As a student there are lots of distractions around. There’s the endless programmes available on Netflix, romance, hobbies and, of course, partying. It’s a wonder any work ever gets done.

However, done it must get, especially around those big study weeks when deadlines are looming. Naturally, the biggest distraction and biggest drain on productivity is the partying and alcohol in particular, with it damaging millions of grades in the past.

In fact, visit any alcohol or drug or alcohol rehab Oxford, Cambridge, Durham, Warwick or any other university town way and you’ll find many suffering from addiction will look back to their studying days and the stress of work and excess of partying as a root cause.

It’s always important to monitor your alcohol intake and relationship with the substance to ensure it remains healthy, but if you have an important period of study coming up and you’re looking to avoid the booze, here are five top tips for doing so…

Set yourself a clear study schedule

A good idea is to be much more disciplined in your approach to your study schedule. By knowing when your study sessions are, as well as the goals you need to achieve will make you much clearer in what’s needed to ensure work is done on time and to the best of your ability.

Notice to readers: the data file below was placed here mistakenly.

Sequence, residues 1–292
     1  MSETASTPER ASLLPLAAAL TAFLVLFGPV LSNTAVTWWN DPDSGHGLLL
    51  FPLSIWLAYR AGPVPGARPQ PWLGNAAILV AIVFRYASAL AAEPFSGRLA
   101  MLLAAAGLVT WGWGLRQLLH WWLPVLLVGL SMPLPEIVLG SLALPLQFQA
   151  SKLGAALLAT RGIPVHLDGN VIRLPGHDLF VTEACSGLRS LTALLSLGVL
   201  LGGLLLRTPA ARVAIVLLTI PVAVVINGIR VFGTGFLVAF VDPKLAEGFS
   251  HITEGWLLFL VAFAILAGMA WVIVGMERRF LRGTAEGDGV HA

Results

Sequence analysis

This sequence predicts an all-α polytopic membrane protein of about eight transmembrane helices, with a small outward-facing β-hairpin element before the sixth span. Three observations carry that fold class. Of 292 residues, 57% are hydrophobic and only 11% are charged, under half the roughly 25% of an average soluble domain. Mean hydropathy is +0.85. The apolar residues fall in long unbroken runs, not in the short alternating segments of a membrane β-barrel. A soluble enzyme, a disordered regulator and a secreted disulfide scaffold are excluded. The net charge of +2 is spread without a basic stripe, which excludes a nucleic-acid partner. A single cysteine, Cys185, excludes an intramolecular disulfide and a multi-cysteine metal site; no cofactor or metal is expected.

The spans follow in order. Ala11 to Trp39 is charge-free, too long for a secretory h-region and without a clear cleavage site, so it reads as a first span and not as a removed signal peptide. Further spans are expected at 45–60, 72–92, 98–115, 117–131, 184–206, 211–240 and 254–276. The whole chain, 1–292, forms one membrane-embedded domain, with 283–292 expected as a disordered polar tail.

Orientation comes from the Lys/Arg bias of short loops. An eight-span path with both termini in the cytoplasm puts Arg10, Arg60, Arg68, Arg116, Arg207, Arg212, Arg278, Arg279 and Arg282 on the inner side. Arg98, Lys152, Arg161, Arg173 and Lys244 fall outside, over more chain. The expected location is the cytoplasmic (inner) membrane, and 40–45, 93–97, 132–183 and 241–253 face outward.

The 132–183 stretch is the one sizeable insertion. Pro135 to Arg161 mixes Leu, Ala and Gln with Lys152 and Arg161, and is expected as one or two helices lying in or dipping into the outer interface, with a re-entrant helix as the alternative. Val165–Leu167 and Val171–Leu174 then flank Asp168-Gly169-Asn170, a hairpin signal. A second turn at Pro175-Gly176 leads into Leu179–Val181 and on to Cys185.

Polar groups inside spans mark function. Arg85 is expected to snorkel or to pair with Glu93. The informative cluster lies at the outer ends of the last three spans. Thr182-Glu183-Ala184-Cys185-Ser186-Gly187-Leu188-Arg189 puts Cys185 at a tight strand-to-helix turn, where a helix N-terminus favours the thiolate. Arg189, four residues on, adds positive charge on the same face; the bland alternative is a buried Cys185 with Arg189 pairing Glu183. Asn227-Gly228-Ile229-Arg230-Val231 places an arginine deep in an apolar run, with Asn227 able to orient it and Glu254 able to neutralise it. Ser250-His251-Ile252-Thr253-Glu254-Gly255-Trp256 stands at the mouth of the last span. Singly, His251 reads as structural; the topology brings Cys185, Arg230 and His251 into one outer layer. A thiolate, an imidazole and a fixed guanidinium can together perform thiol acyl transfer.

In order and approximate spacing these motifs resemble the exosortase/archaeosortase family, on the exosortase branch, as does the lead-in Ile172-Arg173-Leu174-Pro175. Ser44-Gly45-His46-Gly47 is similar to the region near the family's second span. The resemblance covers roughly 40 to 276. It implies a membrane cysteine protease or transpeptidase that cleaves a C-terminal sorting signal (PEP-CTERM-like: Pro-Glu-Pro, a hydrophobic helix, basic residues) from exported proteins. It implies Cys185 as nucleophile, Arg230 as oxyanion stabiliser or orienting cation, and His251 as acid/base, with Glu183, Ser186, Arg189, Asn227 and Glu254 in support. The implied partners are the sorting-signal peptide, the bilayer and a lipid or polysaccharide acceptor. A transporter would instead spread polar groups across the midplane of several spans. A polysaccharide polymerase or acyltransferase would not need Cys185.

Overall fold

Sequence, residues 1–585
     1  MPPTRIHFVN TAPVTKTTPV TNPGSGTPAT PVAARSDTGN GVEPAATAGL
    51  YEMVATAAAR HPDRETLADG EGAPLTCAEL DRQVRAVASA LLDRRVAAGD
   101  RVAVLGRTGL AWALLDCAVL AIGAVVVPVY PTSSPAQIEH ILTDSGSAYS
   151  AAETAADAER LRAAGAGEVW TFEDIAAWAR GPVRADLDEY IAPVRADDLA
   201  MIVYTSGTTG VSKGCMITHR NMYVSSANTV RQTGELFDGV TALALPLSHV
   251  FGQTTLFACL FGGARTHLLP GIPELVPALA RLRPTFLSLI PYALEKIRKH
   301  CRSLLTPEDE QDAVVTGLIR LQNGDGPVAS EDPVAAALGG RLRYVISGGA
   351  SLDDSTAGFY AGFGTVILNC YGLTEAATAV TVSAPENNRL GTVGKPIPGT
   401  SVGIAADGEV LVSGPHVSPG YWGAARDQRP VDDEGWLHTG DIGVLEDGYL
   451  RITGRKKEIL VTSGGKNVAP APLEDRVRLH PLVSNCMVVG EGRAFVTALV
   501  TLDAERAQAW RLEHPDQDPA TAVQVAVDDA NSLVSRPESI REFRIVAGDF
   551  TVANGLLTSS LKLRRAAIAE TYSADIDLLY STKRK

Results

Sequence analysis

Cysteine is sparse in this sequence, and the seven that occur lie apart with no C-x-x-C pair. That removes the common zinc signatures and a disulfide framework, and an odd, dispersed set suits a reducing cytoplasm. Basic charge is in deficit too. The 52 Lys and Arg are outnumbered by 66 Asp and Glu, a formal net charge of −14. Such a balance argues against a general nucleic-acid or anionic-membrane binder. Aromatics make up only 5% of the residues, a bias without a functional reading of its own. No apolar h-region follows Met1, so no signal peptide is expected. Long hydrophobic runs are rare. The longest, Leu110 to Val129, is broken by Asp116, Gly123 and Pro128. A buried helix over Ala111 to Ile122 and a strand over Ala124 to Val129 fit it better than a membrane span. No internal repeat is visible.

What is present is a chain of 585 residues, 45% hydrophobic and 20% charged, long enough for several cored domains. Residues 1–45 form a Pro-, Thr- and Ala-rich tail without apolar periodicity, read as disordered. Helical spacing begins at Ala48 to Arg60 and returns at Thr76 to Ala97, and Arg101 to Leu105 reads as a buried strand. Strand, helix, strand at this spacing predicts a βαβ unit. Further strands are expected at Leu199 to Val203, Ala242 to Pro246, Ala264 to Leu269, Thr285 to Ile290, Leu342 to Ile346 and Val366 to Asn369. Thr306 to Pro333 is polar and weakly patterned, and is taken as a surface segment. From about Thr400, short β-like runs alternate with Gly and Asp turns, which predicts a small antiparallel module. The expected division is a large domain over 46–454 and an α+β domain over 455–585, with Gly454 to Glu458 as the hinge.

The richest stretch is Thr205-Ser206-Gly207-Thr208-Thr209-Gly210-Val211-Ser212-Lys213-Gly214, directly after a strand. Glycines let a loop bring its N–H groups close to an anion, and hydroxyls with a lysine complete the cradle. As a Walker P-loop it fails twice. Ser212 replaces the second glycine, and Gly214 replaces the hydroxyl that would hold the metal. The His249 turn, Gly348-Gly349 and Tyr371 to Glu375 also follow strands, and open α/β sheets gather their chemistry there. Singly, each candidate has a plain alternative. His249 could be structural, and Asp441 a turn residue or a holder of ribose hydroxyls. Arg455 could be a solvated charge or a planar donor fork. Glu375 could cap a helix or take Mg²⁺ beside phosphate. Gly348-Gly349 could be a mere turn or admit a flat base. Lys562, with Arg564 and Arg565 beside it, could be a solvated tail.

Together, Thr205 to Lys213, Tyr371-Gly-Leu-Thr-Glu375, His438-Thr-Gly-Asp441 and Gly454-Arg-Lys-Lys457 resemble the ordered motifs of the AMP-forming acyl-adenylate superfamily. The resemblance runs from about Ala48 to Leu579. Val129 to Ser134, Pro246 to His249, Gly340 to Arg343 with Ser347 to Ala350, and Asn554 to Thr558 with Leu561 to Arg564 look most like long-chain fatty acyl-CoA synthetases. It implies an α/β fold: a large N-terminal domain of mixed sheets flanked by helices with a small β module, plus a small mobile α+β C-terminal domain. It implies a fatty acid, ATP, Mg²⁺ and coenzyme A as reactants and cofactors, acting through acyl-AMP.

Plan in your breaks and periods of relaxation, and that organisation will ensure you create a routine that’ll prevent you from swaying from. 

Utilise stress management practicess

So many people turn to alcohol when they are stressed, but there are more efficient and healthier ways to combat it. Utilise stress management techniques and build them into your schedule.

Consider the likes of yoga, meditation or exercises like yoga and swimming. Not only are they great stress busters, they’re also more pleasant and fun activities that can break up the day and give you a bit of respite from studying too.

These practices are utilised by many people in recovery from alcohol addiction as a coping mechanism and are recommended by many professionals in the industry.

Seek out a quiet and peaceful place to study

It’s going to be very difficult to concentrate if you’re in a flat where others you live with are partying and generally being disruptive. Find yourself a quiet place to study, whether it be at the library or even if you have to go elsewhere and visit friends or family members for a couple of days to get through what you need to do.

That will lower temptation, as well as make you more productive when you need to be.

Reward yourself for periods of good work

Where once you might have sunk a beer after finishing off an essay, reward yourself in other ways. Celebrate progress with other types of treats, whether that be a bar of chocolate or taking yourself off to the cinema. 

Still give yourself that incentive to get the work done, with little treats around milestones. Just with something that isn’t going to give you a hangover and halt progress further down the line.

Get help if you need it

Finally, if you are struggling to give up alcohol, then get help. It can be difficult to go alcohol free for those who have, or may be in the process, of falling into the trap of addiction. There will be professionals within the university that can help and point you in the right direction to counselling or support groups. And that really can make all the difference, not just in the short term, but in the long term too.